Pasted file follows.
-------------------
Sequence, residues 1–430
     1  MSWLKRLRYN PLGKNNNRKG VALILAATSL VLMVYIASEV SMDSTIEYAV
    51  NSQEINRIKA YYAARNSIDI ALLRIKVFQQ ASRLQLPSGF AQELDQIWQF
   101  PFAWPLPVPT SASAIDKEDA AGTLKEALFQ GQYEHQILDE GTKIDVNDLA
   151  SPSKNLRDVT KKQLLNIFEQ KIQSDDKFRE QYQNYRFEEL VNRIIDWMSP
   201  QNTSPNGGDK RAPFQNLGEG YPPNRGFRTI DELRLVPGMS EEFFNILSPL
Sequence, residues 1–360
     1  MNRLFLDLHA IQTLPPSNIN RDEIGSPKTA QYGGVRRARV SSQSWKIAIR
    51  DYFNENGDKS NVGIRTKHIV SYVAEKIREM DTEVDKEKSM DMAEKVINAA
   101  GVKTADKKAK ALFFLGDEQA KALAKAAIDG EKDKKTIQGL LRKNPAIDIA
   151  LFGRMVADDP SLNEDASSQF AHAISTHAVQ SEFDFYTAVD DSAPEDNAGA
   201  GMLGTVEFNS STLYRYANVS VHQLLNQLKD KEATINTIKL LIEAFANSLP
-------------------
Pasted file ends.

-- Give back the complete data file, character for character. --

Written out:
Sequence, residues 1–430
     1  MSWLKRLRYN PLGKNNNRKG VALILAATSL VLMVYIASEV SMDSTIEYAV
    51  NSQEINRIKA YYAARNSIDI ALLRIKVFQQ ASRLQLPSGF AQELDQIWQF
   101  PFAWPLPVPT SASAIDKEDA AGTLKEALFQ GQYEHQILDE GTKIDVNDLA
   151  SPSKNLRDVT KKQLLNIFEQ KIQSDDKFRE QYQNYRFEEL VNRIIDWMSP
   201  QNTSPNGGDK RAPFQNLGEG YPPNRGFRTI DELRLVPGMS EEFFNILSPL
Sequence, residues 1–360
     1  MNRLFLDLHA IQTLPPSNIN RDEIGSPKTA QYGGVRRARV SSQSWKIAIR
    51  DYFNENGDKS NVGIRTKHIV SYVAEKIREM DTEVDKEKSM DMAEKVINAA
   101  GVKTADKKAK ALFFLGDEQA KALAKAAIDG EKDKKTIQGL LRKNPAIDIA
   151  LFGRMVADDP SLNEDASSQF AHAISTHAVQ SEFDFYTAVD DSAPEDNAGA
   201  GMLGTVEFNS STLYRYANVS VHQLLNQLKD KEATINTIKL LIEAFANSLP